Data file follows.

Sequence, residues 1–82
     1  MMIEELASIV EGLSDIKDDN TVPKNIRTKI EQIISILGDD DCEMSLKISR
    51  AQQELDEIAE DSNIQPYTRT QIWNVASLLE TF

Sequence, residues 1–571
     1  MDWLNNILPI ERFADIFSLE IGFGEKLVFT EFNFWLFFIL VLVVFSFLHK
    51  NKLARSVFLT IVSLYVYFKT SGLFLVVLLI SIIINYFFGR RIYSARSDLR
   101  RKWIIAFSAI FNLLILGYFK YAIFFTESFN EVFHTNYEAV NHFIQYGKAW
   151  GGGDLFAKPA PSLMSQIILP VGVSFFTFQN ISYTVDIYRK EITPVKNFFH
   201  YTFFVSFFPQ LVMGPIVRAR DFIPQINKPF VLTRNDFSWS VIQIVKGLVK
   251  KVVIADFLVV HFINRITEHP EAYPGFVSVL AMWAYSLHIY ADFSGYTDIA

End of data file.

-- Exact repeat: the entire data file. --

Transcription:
Sequence, residues 1–82
     1  MMIEELASIV EGLSDIKDDN TVPKNIRTKI EQIISILGDD DCEMSLKISR
    51  AQQELDEIAE DSNIQPYTRT QIWNVASLLE TF

Sequence, residues 1–571
     1  MDWLNNILPI ERFADIFSLE IGFGEKLVFT EFNFWLFFIL VLVVFSFLHK
    51  NKLARSVFLT IVSLYVYFKT SGLFLVVLLI SIIINYFFGR RIYSARSDLR
   101  RKWIIAFSAI FNLLILGYFK YAIFFTESFN EVFHTNYEAV NHFIQYGKAW
   151  GGGDLFAKPA PSLMSQIILP VGVSFFTFQN ISYTVDIYRK EITPVKNFFH
   201  YTFFVSFFPQ LVMGPIVRAR DFIPQINKPF VLTRNDFSWS VIQIVKGLVK
   251  KVVIADFLVV HFINRITEHP EAYPGFVSVL AMWAYSLHIY ADFSGYTDIA